India was ablaze with festive fervor as Janmashtami, the celebration of Lord Krishna’s birth, resonated across the nation on Thursday. With Mathura, the birthplace of Lord Krishna, at the heart of the festivities, thousands of devotees thronged major temples to mark the occasion.
Prime Minister Narendra Modi extended his warm greetings, wishing for renewed energy and enthusiasm in the lives of “every member of my family,” referring to the citizens of India. He exclaimed, “Jai Shri Krishna” in a post on X, encapsulating the spirit of the occasion.
Union Home Minister Amit Shah embarked on a visit to the ISKCON temple in East of Kailash, South Delhi, to perform a sacred pooja, underscoring the importance of this revered festival.
Janmashtami, a festival that commemorates the birth of Lord Krishna, witnessed grand ceremonies across the country. At temples like Radha Raman, Radha Damodar, and Gokulanand in Mathura, thousands of devotees participated in the “abhishek” (bathing of the deity) ceremony, following a tradition established by the venerable seer Jeev Goshwami nearly 500 years ago. This unique tradition contrasts with the typical midnight celebrations observed elsewhere.
Similarly, at the Shahji temple in Vrindavan, festivities unfolded in the morning, mirroring the customs of the Radha Raman temple. Srikrishna Janmabhumi commenced its day with the harmonious sounds of shehnai, conch shells, and drums, followed by the “abhishek” of the deity and the distribution of “charnamrit” among the devotees.
The streets of Mathura reverberated with devotion as a procession led by dignitaries, including Shailjakant Mishra, Vice-President of the Uttar Pradesh Vraj Tirth Vikas Parishad, state ministers, and district officials, wound its way through the city. Janmashtami also radiated its joy in Dwarkadhish temple, Vrindavan, Govardhan, and Nandgaon.
Bimalendra Mishra, a visitor from Lakhimpur Kheri, shared his experience, expressing, “It is invigorating to witness the Janmashtami celebrations in Mathura. One cannot experience this anywhere else.” The festivities also drew international participants, with foreign devotees paying homage at ISKCON and Radha Damodar temples in Vrindavan.
In an effort to prevent overcrowding and ensure safety, the Mathura district administration decided to restrict the number of devotees inside the Bankey Bihari temple. During the “mangala aarti” scheduled post-midnight, only 500 devotees, including temple acharyas, will be allowed entry on a first-come-first-serve basis. This decision follows a tragic stampede incident during last year’s Janmashtami celebrations.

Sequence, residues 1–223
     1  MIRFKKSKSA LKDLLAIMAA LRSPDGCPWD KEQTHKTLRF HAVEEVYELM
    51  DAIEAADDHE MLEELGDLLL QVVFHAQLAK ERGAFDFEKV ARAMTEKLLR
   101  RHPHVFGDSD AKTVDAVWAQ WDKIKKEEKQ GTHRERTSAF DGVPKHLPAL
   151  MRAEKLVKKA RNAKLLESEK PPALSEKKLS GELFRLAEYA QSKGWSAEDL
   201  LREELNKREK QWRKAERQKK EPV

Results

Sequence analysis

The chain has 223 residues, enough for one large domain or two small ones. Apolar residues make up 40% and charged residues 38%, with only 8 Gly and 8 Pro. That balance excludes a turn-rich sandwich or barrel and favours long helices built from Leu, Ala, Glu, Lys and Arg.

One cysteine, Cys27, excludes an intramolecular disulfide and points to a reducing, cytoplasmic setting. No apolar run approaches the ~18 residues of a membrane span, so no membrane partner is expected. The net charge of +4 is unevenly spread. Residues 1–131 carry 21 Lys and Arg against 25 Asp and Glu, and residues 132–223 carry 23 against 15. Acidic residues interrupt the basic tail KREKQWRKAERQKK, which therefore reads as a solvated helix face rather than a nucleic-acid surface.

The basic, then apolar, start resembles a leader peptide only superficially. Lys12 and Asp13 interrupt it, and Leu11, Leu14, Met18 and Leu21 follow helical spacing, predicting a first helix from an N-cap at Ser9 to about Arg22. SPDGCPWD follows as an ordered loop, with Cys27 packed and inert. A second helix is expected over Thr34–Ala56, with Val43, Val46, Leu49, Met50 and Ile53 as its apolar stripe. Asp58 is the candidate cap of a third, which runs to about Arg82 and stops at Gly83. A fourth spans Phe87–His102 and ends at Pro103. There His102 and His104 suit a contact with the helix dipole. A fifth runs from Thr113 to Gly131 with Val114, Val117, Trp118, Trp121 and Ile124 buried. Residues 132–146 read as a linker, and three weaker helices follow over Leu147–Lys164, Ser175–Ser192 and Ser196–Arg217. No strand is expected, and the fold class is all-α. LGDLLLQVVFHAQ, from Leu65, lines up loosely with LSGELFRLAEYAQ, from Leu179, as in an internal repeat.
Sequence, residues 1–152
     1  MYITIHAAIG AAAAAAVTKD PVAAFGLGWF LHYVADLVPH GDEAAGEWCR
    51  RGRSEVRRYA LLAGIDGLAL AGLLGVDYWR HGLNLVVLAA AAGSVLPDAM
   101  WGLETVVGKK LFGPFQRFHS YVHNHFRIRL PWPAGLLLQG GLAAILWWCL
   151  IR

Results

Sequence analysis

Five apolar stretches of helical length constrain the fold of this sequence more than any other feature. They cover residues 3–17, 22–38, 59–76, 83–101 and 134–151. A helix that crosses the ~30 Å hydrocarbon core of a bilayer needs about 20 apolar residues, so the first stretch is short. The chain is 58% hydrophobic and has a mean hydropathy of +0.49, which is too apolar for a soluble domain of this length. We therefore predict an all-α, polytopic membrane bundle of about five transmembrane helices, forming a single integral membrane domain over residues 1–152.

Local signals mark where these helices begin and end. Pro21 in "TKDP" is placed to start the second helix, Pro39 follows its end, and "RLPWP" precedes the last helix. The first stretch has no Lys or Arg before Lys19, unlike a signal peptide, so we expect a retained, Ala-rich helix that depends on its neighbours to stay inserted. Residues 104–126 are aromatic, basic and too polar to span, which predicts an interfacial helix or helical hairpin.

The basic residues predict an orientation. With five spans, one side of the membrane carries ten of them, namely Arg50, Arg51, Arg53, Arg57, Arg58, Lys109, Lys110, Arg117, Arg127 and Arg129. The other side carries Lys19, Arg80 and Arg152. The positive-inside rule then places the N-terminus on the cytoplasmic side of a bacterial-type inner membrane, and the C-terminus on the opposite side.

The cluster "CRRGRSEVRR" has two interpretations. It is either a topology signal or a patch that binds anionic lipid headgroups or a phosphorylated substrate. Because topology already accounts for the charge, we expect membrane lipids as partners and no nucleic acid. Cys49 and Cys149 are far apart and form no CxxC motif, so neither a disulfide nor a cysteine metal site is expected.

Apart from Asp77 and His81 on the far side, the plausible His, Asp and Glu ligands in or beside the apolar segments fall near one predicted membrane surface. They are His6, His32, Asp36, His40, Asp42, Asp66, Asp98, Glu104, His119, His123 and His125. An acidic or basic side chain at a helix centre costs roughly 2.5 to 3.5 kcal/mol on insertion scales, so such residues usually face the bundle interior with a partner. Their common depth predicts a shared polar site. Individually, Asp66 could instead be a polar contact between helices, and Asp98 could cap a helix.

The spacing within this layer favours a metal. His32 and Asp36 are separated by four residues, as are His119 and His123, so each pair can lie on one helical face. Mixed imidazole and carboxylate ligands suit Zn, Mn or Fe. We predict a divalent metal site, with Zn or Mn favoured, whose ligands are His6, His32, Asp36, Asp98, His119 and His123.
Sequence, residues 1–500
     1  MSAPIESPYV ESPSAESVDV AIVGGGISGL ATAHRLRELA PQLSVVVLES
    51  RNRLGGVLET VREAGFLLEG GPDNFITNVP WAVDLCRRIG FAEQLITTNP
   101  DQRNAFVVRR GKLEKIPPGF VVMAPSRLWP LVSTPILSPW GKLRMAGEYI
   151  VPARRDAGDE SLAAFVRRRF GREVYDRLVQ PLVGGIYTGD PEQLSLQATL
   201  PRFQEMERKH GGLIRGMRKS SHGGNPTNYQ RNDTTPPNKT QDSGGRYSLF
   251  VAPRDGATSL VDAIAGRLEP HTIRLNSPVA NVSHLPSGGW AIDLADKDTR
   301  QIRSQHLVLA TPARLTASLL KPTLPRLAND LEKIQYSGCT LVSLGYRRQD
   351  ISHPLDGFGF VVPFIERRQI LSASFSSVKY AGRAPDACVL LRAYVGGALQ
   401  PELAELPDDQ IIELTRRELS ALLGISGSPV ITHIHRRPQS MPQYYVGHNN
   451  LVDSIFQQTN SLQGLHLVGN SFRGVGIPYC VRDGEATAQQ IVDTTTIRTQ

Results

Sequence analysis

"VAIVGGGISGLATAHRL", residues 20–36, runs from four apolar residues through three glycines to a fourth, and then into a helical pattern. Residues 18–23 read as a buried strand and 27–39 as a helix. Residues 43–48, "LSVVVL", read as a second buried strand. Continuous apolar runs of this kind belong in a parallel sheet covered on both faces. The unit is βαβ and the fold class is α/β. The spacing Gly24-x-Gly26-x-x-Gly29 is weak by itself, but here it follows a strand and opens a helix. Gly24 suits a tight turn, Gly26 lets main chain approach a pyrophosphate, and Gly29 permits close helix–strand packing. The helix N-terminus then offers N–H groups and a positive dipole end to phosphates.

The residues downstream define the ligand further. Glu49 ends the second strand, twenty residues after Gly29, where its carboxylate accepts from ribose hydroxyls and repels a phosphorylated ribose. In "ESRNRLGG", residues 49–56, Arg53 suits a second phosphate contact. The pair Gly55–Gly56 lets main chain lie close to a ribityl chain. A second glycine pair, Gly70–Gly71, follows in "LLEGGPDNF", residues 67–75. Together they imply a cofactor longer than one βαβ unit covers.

In Mumbai, the spirit of Janmashtami found expression in the Dahi Handi celebrations. This traditional festival involves forming multi-tiered human pyramids to break earthen pots filled with curd suspended in the air. However, the fervor occasionally led to injuries, with at least 35 “Govindas” sustaining injuries, some requiring hospitalization. The BMC made arrangements at civic-run hospitals to treat injured participants.
Delhi’s Janmashtami celebrations incorporated the theme of the upcoming G20 summit in the national capital – “Vasudhaiva Kutumbakam” (the entire world is one family). Union Minister Smriti Irani and BJP General Secretary B L Santhosh were part of the festivities.
From Punjab and Haryana to Kashmir and Jammu, Janmashtami was observed with great enthusiasm. Temples were beautifully decorated, and devotees participated in bhajans and discourses on Lord Krishna. Even Kashmiri Pandits took part in a Janmashtami procession in Srinagar, reviving a tradition that had waned since 1989. In Ganderbal district, a “shobhayatra” was taken out after 34 years.
The Ragunath and ISKCON temples in the Jammu region experienced an influx of devotees. ISKCON’s Krishna Arvind Das noted that preparations for the festival had begun two months in advance. “Nandotsav” is slated for Friday.